The minimal snow, combined with temperatures that recently have remained below 32 degrees for most of the 24-hour daily cycle, has helped lake ice formation for fishermen. There are certainly lakes that still merit caution insofar as placing heavy permanent fish houses, or driving on them with highway vehicles, are concerned. But the ice fishing season is belatedly getting into full swing.
For several weekends in a row I’ve hit some of the cross country ski trails not far from my home. They, too, could benefit greatly from more snow, as the scarcity of other skiers on the trails attests. But if one waits for perfect conditions he might find one excuse or another for much of the winter. Dealing with scattered leaves and twigs on the trail, or a bit of soil where an aggressive skate-style skier has preceded you, are minor compromises compared to the alternative of staying home waiting for more snow and perfectly groomed trails.
My daughter, home for Christmas break from teaching duties in the East, put on her skis for the first time since high school cross country ski team days. We skied on a day when temperatures flirted with the 30-degree mark, and a bright afternoon sun cast long shadows in the birch and aspen forest through which our trails wound. Several times she repeated “I’m so glad you suggested our doing this,” and “I had forgotten how good this feels and how beautiful the woods are in winter.” That was all the validation and reward her old man needed.
Though I’m not a squirrel hunter, I’ve been struck by how active and visible the squirrels have remained through this point in the winter. I hardly believe this is due to artificial backyard feeding, though that can be a factor that entices them to places where they can more readily be seen. Squirrels do not hibernate, but in typically cold winters their activities slow down considerably, and they spend more time in their den, or “drey,” which is essentially a nest built of leaves, twigs and grass.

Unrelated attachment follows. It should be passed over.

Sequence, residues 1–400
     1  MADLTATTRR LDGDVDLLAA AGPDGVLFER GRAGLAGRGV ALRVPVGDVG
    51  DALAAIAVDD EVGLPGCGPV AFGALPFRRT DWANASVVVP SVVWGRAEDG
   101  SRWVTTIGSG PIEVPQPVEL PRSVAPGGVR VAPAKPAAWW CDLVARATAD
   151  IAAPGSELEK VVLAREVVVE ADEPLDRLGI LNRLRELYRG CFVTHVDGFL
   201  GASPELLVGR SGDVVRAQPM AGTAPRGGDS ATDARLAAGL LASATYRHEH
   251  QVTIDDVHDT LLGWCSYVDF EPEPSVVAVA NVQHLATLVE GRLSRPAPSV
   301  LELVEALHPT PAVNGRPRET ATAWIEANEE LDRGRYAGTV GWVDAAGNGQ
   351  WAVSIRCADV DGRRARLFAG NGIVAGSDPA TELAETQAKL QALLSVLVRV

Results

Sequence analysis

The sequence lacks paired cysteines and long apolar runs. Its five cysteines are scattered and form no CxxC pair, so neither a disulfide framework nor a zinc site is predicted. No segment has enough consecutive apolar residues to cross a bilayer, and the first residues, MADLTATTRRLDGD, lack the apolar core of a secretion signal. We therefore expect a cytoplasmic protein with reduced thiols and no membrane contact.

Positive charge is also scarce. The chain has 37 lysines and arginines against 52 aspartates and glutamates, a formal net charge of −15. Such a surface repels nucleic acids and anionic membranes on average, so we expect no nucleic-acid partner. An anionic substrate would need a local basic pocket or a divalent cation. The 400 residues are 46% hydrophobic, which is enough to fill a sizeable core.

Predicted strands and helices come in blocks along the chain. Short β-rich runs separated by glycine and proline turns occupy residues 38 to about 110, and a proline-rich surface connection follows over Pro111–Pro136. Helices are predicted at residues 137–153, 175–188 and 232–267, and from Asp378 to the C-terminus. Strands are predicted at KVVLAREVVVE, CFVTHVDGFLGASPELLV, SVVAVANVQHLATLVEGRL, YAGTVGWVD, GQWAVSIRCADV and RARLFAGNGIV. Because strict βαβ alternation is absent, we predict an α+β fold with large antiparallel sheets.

The December just ended has been reported to be the second warmest on record, which may explain the high squirrel visibility. If one has any squirrel hunting inclinations, this may be a good year to follow them. The season is the longest of any of the Minnesota hunting seasons, lasting until February 28. That date also applies to cottontail and snowshoe hare hunting. So far, given the limited snow, our woodlots are very traversable in plain old hunting or pac boots, without the need for snowshoes. You can generate some real “inertia of motion” in such places!
Archers, some of whom have only recently concluded their deer hunting seasons, have ample opportunities to practice at indoor ranges in winter. Few of us are more than an hour away from one, even here in northern and north central Minnesota. You might also be surprised at the number of clay target ranges and hunting preserves that have winter hours. There is even open water fishing on many trout streams in Southeast Minnesota (where my son and I intend to venture in mid-January).
There are a lot of ways to avoid inertia-of-rest during a Minnesota winter. The first move is often as easy as using the index finger to push “off” on the remote.